Clocks and watches appear so often in Murder Mysteries that they deserve a page all of their own.
Time as an Alibi
In the 1975 episode of Columbo called Identity Crisis time appears in the alibi of the villain in two ways. The villain claims that he could not have been present at the murder scene at the time in question because he was at his office recording a speech for a client into a dictaphone. He leaves this on the desk of his secretary, who will type it up for him the next morning. In the background Columbo hears a clock striking, which is supposed to put a time stamp on when the recording was made. However, the villain reset the clock in question and it is clearly not irrefutable evidence. Background noses in recordings are regular alibi and evidence features.
The real evidence is also a sound on the recording. Early on the murderer closes the blinds to stop the sun coming in. The window in question faces towards the sunrise, so Columbo knows that he was not there in the evening but early the next morning.
The Reset Watch
This idea often comes up in murder mysteries. During a violent death a watch might be smashed at a specific time to suggest when the murder took place. If a cunning murderer sets the time for half an hour earlier and then heads off to the location of his alibi and makes sure he is seen then he might be able to claim to have a solid alibi. However, if someone makes a big noise about being somewhere then the investigator should be suspicious.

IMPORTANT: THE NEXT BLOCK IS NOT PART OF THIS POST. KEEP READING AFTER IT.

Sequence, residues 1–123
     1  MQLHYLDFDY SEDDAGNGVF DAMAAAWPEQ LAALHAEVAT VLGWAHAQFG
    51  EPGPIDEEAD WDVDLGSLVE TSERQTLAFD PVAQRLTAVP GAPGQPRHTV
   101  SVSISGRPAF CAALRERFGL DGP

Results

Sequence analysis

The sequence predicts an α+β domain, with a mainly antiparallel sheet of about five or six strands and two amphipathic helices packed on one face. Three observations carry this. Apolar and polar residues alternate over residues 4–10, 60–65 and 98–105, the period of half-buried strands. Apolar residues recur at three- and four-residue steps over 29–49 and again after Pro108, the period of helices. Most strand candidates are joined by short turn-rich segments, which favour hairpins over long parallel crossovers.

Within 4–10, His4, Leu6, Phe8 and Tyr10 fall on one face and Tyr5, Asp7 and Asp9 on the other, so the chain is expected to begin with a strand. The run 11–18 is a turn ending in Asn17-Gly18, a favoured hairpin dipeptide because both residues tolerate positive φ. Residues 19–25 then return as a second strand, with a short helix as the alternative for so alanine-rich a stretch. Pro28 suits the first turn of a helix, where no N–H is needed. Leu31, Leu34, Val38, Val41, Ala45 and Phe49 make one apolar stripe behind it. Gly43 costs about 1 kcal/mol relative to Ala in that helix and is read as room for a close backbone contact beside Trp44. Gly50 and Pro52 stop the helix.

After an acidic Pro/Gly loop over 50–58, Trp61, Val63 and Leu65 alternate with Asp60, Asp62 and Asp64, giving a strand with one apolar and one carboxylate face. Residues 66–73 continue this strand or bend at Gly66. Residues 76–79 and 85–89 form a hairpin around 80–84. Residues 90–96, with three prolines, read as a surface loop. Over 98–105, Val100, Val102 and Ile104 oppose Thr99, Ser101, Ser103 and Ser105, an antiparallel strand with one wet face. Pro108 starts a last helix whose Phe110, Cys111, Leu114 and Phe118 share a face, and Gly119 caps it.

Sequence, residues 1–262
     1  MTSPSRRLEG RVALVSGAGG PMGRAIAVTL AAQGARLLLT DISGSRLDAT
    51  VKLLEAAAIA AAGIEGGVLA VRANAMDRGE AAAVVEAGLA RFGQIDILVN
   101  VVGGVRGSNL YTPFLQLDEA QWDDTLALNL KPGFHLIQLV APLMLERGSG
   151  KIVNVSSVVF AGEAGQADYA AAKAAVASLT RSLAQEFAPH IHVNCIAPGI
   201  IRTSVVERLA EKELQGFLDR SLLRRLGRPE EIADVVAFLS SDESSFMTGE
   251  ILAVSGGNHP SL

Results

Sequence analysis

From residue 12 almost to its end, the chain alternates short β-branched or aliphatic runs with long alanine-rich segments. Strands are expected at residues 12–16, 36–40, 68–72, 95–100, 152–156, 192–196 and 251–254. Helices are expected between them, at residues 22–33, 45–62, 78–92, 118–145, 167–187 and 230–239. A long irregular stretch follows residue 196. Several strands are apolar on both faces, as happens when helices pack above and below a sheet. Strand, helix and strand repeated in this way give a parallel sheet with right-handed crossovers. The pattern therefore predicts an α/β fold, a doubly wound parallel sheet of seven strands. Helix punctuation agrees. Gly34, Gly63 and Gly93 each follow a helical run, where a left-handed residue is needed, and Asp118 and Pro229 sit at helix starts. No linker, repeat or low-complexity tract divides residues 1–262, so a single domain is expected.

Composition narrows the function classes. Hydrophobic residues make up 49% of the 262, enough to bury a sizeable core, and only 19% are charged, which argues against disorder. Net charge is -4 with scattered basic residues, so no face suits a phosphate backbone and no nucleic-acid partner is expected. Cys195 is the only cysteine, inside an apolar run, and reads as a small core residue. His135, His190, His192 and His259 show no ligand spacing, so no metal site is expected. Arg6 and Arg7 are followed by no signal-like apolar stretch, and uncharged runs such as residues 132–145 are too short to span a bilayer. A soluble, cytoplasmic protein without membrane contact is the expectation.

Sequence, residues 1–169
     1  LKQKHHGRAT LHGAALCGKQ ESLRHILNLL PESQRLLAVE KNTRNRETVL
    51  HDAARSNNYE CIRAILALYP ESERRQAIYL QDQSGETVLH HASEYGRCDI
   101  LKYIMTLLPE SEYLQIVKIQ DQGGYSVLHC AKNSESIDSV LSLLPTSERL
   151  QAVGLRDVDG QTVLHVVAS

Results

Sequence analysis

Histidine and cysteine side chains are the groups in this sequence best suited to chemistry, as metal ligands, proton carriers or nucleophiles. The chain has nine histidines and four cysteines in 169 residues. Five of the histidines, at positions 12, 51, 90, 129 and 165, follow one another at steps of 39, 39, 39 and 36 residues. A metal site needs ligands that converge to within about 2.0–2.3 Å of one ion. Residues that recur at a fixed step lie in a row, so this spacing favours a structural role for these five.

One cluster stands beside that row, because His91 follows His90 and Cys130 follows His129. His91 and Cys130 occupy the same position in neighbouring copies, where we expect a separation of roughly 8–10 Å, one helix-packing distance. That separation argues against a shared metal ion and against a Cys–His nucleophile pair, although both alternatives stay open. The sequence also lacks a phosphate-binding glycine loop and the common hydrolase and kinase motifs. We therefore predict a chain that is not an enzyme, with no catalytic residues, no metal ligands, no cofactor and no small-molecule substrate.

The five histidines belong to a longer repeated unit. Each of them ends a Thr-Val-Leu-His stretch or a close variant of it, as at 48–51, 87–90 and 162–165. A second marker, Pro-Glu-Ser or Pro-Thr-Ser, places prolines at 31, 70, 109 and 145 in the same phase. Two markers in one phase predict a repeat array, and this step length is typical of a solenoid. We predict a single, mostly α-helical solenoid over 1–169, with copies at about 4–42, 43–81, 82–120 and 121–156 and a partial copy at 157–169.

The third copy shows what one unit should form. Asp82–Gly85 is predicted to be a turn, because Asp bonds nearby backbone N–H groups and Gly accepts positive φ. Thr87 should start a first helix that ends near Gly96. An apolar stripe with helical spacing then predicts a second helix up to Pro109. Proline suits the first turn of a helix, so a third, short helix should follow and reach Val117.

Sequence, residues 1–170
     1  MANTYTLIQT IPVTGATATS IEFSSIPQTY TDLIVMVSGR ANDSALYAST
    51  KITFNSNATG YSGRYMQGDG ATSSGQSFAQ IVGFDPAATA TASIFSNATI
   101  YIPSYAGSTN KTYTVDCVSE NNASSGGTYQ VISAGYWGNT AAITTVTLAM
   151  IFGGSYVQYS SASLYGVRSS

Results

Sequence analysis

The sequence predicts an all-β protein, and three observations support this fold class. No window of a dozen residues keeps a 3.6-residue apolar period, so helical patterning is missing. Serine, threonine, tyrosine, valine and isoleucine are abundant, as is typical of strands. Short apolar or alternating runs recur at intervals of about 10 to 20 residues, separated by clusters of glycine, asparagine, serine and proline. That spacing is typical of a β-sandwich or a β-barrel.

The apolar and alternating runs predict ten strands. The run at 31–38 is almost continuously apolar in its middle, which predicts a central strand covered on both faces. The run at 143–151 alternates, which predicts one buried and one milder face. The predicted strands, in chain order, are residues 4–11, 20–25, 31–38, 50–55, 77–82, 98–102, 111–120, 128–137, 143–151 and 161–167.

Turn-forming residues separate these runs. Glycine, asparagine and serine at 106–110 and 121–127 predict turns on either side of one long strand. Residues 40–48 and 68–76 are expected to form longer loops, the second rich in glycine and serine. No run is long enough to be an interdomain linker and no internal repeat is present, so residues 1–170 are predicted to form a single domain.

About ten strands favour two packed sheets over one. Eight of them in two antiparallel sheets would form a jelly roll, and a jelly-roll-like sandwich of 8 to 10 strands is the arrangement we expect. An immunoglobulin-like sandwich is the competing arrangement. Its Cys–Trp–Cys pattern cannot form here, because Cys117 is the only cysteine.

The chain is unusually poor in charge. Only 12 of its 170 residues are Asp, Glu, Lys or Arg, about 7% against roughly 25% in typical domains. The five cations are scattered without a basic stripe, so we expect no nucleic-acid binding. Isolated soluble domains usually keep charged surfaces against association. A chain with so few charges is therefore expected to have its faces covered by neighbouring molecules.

Two interesting possibilities. 1. The victim if left handed and therefore wears his watch on his right wrist. 12% of people are left handed (interestingly this has not changed throughout evolution - source QI). The murderer removes the watch but without thinking puts it back on the more common left wrist.
The second possibility again comes from Columbo. This time it is in the classic Fade In To Murder starring William Shatner. The victim works in films and has the habit of running his watch five minutes fast. Of course, when the murderer resets it he does not take this into account. As always, the detective finds out.
The Train Ticket
Now this one is used in one of our own productions, but there are versions of this trick in various other murder mysteries. In ours the suspect leaves the crime scene and can prove it because he uses an Oyster Card. His journey would be registered on the automated system. However, he jumps of at the first stop and buys a ticket for cash to return to the crime scene. The suspect makes a big fuss about proving that he departed when he did, and many teams accept this at face value. However, some teams also want him to prove when and where his journey ended. Obviously this is much harder for him to do and his protestations about forgetting to touch his card only make him more suspicious.
A more clever murderer would not have used his Oyster but bought a return ticket using a credit card. Then the investigator would have to ask whether he had an Oyster Card and, if so, why he did not use it on this occasion.